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‘A Christmas Horror Story’ Review: Candy and Coal for Your Stocking

By  · Published on July 24th, 2015

RLJ Entertainment

Fantasia International Film Festival 2015 runs 7/14–8/4. Follow our coverage here.

For most moviegoers Christmas-themed films are usually focused on joy, love and miracles, but horror genre fans know the holiday can also lead to terror, bloodshed and human bodies being torn open like presents wrapped in flesh. From the highs of The Children (’08) and Black Christmas (’74) to the lows of Santa’s Slay and the Black Christmas remake, the holiday has become fantastic fodder for terrifically naughty behavior, and now that trend continues with the new anthology film, A Christmas Horror Story.

A family heads to a relative’s home in search of a holiday hand-out but discover a monstrous and muscle-bound Krampus instead. Teenagers sneak into a school where a bloody murder occurred one year prior. A couple and their young son trespass into the woods to find the perfect Christmas tree, but something evil finds them first. Workplace violence strikes Santa’s workshop when an infection turns cheerful elves into flesh-craving zombies.

The connective tissue holding the stories in place features the town of Bailey Downs’ own DJ Dan (William Shatner) sharing his holiday thoughts and merry tunes with anyone in earshot, and as we move back and forth between tales his hopeful, eggnog-filled banter remains a constant.

The film is a collective effort – directed by Grant Harvey, Steven Hoban and Brett Sullivan, and written by James Kee, Sarah Larsen, Doug Taylor and Pascal Trottier – and follows the Trick ‘r Treat-style of telling its stories simultaneously instead of sequentially. It works best later on as each tale is hitting its final groove, but the early going is made difficult by having to see multiple setups before anything of interest happens.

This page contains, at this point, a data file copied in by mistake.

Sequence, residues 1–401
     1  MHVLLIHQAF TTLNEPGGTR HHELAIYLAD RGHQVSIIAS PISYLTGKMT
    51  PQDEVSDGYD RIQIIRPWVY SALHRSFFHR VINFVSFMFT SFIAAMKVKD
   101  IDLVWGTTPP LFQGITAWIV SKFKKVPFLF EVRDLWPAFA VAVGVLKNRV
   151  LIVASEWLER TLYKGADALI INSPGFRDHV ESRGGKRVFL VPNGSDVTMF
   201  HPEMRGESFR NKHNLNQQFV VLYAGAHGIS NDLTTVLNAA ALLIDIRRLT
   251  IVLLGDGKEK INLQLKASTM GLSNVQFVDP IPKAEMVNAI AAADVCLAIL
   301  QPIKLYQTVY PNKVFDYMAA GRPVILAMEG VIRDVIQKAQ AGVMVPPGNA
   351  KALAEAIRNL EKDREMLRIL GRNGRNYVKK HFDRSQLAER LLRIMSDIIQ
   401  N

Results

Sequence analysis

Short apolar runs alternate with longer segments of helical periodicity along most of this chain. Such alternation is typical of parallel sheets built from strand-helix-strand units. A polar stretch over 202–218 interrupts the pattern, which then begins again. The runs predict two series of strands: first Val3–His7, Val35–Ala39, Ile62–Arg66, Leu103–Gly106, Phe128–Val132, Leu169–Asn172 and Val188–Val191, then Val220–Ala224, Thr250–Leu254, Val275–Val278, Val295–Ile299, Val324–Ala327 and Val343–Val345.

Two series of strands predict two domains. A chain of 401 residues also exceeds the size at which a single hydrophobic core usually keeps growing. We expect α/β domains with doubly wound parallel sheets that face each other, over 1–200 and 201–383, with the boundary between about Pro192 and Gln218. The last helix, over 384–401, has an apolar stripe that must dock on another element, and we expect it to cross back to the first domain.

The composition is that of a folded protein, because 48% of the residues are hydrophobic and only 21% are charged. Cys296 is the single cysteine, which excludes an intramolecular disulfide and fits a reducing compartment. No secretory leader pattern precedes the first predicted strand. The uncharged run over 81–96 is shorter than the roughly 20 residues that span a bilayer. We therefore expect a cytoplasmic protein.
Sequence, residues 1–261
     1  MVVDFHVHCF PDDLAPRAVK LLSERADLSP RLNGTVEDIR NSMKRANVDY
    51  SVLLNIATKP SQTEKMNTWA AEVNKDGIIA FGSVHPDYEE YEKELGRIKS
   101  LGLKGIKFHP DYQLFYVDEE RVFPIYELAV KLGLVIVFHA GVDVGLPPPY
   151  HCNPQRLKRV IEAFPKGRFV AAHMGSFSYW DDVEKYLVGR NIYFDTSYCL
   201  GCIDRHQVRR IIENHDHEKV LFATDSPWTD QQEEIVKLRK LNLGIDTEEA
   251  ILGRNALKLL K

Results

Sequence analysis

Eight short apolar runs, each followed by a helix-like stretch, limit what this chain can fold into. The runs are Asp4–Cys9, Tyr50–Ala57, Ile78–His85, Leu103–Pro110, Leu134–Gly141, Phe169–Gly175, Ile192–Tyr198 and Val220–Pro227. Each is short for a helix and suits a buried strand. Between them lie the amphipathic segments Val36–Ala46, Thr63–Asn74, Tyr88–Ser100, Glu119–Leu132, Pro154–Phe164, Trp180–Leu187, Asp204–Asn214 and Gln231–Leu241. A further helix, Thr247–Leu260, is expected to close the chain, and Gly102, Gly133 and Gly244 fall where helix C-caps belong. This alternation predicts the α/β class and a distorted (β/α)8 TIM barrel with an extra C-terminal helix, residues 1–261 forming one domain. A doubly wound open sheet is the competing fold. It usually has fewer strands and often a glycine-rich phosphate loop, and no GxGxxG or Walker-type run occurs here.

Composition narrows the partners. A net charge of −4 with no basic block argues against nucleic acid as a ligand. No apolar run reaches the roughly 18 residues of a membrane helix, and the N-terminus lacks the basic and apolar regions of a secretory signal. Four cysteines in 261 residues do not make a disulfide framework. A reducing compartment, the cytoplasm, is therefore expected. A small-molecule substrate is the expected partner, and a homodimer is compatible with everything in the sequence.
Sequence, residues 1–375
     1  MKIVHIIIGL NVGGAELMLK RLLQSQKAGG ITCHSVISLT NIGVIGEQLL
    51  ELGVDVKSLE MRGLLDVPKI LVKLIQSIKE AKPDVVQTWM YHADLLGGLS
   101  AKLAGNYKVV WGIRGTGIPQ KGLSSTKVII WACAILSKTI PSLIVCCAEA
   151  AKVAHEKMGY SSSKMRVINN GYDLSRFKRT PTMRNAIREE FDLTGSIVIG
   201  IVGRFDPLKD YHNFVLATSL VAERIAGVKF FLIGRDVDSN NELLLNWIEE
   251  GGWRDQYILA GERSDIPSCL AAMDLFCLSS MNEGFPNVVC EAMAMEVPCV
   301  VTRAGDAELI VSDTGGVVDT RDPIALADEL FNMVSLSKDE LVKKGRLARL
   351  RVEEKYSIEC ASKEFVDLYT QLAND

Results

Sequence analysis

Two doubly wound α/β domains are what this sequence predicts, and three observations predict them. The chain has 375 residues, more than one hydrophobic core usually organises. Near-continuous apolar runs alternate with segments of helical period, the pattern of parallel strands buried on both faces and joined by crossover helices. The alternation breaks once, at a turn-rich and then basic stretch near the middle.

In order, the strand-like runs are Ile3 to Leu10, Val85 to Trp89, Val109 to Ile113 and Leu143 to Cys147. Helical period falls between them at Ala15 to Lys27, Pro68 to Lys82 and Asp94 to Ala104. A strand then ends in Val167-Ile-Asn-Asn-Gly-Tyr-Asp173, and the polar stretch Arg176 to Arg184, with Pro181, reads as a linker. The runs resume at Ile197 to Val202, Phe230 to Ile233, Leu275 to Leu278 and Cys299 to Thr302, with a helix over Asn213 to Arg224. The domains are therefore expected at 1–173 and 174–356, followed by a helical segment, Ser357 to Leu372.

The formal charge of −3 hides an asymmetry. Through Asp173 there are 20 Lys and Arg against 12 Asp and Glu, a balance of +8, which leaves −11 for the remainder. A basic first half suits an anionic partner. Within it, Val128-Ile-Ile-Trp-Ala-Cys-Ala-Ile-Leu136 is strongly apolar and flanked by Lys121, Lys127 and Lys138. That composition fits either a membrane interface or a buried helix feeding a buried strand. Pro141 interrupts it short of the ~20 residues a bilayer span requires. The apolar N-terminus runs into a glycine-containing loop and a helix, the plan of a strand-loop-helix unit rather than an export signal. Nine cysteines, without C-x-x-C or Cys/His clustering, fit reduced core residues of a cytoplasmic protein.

The exception here is also the film’s best tale. Santa (George Buza) notices something is amiss with one of his elves, but before he can rub his nose the little guy dies, rises and begins an epidemic of zombified elves. (Had they not booted Hermey the wannabe dentist elf years ago he could have saved lives by removing the zombies’ teeth.) He’s forced into a life or death battle and paints the North Pole red with elf blood, but while the end reveal is the film’s highlight it’s allowed to go on far too long which slowly saps its strength.

Second best is a the story about the family searching for the best tree to chop down and bring home for decorating. Something in the woods hitches a ride back home with them leading to some fun moments of suspense and revelation. It mixes the modern and the magical with suitably nightmarish results.

The Krampus segment attempts to do the same, but it’s hurt by some unnecessary plot turns and a monster that looks like a WWE wrestler with horns on his head. Actor/stuntman Rob Archer gives him size and power, but the focus on muscles distracts from the magic. The family facing off against him never even approach the area of engaging or likable which leaves viewers happy to simply countdown to their seemingly imminent demises.

Finally, the least successful story here is unsurprisingly the one that doesn’t quite fit the format. There’s nothing inherently holiday-themed about the teens being haunted by a dead girl – a crucifix is involved and her death occurred at Christmas, but neither of those factors ultimately matter. It lacks a sense of wonder too with its fairly traditional take on possession, ghosts and such, and the film sags every time it returns to this section.

Like just about every anthology film ever made, A Christmas Horror Story is a mixed bag – of gifts and coal presumably – but as a whole it lands as a mediocre affair. See it for Shatner and the Santa vs zombie elves segment, but be sure to get a gift receipt.

Fantasia International Film Festival 2015 runs 7/14–8/4. Follow our coverage here.

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Rob Hunter has been writing for Film School Rejects since before you were born, which is weird seeing as he's so damn young. He's our Chief Film Critic and Associate Editor and lists 'Broadcast News' as his favorite film of all time. Feel free to say hi if you see him on Twitter @FakeRobHunter.